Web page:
Restorative dentistry focuses on correcting damaged teeth and gums following traumatic damage, decay, disease, or even surgery. The most common restorative procedures include crowns, bridges, tooth-colored fillings, inlays and onlays, dental implants, and gum grafting procedures to restore gums that have receded as a result of advanced periodontal disease.
Dental crowns are protective coverings that surround the entire visible portion of a tooth. They can be used to hide cosmetic defects like large, dark fillings or tooth discoloration that can’t be treated with whitening, and they can also be used to restore and protect teeth that have been chipped, cracked, or broken. Plus, they’re used to protect and strengthen the teeth that are used to support a dental bridge.
In most cases, a crown can be placed on a tooth in two office visits. During the first visit, the tooth will be reshaped by removing some of the surface material from the tooth. Reducing the size of the tooth is necessary to ensure there’s ample room for the crown to fit comfortably without causing crowding issues. Next, Dr. Fromzel will make an impression or mold of the tooth and send it to the lab where the crown will be created. The shade of the tooth will also be determined at the first visit, and a temporary crown will be placed on the tooth to protect it. At the second visit, the temporary crown will be removed and the tooth will be carefully cleaned, then Dr. Fromzel will “dry-fit” the crown, making any minor adjustments to ensure a proper fit. Finally, the crown will be applied to the tooth using a strong dental adhesive.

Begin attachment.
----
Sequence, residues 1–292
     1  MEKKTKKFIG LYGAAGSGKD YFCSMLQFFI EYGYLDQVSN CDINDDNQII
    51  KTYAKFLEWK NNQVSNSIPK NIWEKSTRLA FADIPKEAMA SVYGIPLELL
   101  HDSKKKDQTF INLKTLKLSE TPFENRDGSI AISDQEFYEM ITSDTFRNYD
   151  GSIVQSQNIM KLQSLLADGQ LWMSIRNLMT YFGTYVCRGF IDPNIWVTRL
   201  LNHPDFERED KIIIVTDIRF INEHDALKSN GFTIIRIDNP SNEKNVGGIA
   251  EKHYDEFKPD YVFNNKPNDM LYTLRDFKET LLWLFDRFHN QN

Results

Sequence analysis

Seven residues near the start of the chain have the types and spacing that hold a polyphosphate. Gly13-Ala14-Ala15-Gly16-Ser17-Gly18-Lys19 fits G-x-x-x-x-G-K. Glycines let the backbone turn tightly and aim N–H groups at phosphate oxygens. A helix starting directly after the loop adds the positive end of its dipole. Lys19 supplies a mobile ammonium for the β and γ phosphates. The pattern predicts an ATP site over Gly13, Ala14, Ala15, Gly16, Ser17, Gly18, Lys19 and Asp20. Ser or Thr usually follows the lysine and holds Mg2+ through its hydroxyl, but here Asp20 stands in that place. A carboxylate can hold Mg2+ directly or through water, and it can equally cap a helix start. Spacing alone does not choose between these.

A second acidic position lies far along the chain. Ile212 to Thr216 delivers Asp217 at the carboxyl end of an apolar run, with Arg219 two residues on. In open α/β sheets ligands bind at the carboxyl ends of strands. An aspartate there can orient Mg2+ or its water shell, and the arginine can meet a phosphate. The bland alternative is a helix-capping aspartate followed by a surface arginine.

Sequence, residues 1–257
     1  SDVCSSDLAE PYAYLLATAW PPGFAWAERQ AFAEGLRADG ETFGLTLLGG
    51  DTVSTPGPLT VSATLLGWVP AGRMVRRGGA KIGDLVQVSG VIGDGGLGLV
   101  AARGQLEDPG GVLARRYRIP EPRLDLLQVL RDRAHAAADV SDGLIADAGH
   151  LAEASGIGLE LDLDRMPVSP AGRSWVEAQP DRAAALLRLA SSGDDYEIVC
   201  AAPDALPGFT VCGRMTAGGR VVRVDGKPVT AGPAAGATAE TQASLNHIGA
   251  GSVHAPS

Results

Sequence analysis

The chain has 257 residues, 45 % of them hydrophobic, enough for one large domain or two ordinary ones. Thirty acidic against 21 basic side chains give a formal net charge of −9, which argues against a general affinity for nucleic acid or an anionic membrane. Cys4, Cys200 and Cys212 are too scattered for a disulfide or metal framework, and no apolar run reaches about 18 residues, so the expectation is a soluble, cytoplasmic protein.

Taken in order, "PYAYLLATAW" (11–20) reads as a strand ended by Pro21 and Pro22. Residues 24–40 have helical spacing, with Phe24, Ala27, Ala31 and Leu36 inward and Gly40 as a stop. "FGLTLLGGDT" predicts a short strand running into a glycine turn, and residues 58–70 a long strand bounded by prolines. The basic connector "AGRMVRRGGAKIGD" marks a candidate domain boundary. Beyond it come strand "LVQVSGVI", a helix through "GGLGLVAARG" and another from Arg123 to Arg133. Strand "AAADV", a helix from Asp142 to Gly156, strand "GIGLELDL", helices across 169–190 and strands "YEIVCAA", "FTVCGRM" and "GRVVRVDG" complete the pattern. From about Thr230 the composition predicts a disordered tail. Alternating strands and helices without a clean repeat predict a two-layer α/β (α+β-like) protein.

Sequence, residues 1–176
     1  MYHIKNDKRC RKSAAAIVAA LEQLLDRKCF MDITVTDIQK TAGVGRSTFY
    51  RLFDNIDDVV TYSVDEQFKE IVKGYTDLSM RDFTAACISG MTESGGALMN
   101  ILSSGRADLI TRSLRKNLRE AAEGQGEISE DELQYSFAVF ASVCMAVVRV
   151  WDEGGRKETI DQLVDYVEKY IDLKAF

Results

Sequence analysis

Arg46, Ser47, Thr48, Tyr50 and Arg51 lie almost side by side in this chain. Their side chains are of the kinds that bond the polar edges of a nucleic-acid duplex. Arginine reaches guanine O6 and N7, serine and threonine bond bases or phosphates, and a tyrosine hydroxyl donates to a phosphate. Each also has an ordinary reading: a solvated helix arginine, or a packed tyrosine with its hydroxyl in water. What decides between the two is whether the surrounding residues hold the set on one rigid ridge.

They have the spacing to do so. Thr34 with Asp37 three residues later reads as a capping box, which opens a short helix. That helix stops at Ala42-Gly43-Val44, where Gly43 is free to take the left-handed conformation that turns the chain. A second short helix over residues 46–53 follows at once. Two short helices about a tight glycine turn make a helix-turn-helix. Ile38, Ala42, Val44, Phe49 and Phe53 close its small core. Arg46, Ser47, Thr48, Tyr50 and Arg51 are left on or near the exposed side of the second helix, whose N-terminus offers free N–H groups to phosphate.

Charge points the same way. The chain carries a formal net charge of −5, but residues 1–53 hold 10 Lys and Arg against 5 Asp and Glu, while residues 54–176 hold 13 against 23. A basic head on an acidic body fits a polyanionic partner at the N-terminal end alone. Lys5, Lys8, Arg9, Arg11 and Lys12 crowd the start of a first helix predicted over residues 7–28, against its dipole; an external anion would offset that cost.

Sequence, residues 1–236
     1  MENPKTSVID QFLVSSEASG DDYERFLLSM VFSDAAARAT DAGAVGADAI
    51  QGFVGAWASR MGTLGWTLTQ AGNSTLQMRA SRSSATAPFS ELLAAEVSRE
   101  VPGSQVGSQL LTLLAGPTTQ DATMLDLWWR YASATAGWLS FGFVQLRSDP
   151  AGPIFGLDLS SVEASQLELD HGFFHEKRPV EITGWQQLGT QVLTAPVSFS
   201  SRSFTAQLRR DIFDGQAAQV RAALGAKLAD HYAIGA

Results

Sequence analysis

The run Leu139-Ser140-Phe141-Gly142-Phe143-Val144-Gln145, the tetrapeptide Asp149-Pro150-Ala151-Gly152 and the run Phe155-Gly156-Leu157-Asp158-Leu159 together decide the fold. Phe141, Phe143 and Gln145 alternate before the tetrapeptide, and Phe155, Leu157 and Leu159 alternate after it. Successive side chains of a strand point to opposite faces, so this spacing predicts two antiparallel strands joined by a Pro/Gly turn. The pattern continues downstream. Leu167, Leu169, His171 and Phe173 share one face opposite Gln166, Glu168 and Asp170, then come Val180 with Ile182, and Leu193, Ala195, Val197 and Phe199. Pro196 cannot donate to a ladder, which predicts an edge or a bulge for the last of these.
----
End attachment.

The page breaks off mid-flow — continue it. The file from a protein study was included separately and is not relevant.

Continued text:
Inlays and onlays are custom-made restorations made of durable, tooth-colored porcelain and designed to correct large areas of damage that aren’t extensive enough to need a crown. Onlays treat damage that extends down the side of the tooth, while inlays are used for damage contained within the top surface areas of the tooth.
Yes. When a tooth is missing, it leaves a gap, and soon, the teeth on either side will begin to lean inward, causing the roots to shift and loosen. Eventually, these teeth can also be lost, creating a domino effect that can lead to extensive tooth loss and a significantly increased risk of infection and decay.
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